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Sustainable lawn care for dummies.

Lawn care for dummies.

Your neighbor makes it look so easy.  Effortless, almost.  His lush, green, thick lawn.  The sort of lawn you aspire to.  And then there’s your lawn.  It’s thin, pale, and weedy.  And frustrating!  You had sprinklers put in, and you water it every day (every other day if the City of Missoula is asking).  You’ve hired a lawn care service to mow it.  You even pay them to spray it and fertilize it to the point that you come home to flags warning you “KEEP OFF.  PESTICIDE APPLICATION” all in the name of killing those weeds.  Sure, it perks up when they spray it, but in a few weeks, new weeds pop up, the grass looks bad, and you’ve got to call them back.

You’re looking at your neighbors lawn, wondering what the difference is?  Granted, he’s retired and you’re not, so perhaps he spends more time on it that you realize, while you’re at work all day.  What’s more likely is he just knows the old school tricks we seem to have lost track of in this day and age of chemical lawn care and instant gratification.

The organic lawn care approach.

Before the advent of synthetic fertilizers and pesticides, lawn care was simple:  you didn’t.  This was partly because many folks didn’t even have a lawn – until the middle of the last century, lawns were generally considered a luxury.  Widespread marketing to and “lobbying” of the rising middle class by the chemical and agricultural industries drove  the rise of the American lawn as we know it today.

Anyone with a little time on their hands can do a quick search online and read a multitude of articles detailing just what detrimental effects synthetic fertilizers and pesticides have on our environment and our health.  Without question, these things are bad.  This is why many Canadian provinces and even US municipalities are beginning to ban pesticides.

Well, what does this mean for our old retired neighbor with the best lawn on the block?  How is he doing it?

Water less often.

Once established, your lawn doesn’t need to be watered every day.  Here in Missoula, this is a topic that’s near and dear to my heart.  We are an arid climate, receiving only about 12″ of precipitation each year.  If you must have a lawn (and so far, you still have this right, unlike many parts of the country suffering from worse drought than us), PLEASE DON’T WATER IT EVERY DAY!  Not only is this wasteful and expensive, you’re actually preventing your lawn from reaching it’s full potential.  Frequent watering encourages shallow root development, which means when the upper layer of soil dries out, so do the roots.  Infrequent watering does the opposite, and trains the grass roots to go deep into the ground in search of water.  A good rule of thumb is to water only when your grass appears stressed, which manifests as a silvery-green sheen on your lawn.  A well established and properly irrigated lawn should only need water every couple of weeks except in the hottest parts of the year.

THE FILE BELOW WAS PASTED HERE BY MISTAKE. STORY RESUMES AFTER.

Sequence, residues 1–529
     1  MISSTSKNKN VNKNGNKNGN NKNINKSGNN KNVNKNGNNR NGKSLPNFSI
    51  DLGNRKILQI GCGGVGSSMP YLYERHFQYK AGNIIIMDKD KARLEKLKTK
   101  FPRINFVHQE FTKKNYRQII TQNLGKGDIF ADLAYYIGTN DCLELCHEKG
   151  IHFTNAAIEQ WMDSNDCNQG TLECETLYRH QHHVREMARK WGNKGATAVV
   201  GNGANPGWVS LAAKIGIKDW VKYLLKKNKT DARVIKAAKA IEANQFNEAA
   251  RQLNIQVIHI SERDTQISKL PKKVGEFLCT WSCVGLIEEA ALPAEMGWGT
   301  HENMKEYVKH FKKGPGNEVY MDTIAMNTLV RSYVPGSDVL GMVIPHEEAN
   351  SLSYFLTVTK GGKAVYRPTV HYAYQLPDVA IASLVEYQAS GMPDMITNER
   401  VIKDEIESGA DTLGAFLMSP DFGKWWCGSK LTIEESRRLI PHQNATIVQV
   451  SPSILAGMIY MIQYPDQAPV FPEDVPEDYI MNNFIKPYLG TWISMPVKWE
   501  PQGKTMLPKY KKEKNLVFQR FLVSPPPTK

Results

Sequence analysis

Lawn care nutrition.

Just like your body, your lawn will perform it’s best with proper nutrition.  I’m not a horticulturist, so I won’t delve into the science behind plant nutrition, but I can tell you from years of experience in Missoula, hands down the best method I have found for feeding your lawn doesn’t come in a bag or a tank.  It comes in the form of high quality compost.  Compost topdressing is spreading an even layer of compost over your lawn, which comes with a plethora of benefits.  We use an Eco Lawn Applicator for professional results, but Eko Compost here in Missoula will rent you a manual spreader that looks sort of like a lawn roller made from a steel mesh, if you want to tackle the task yourself.  You can also use the good old shovel and wheel barrow method to broadcast compost over your lawn.  The photo below show the difference topdressing your lawn with compost can make.  The photo on the left is a before shot, and the photo on the right is after topdressing.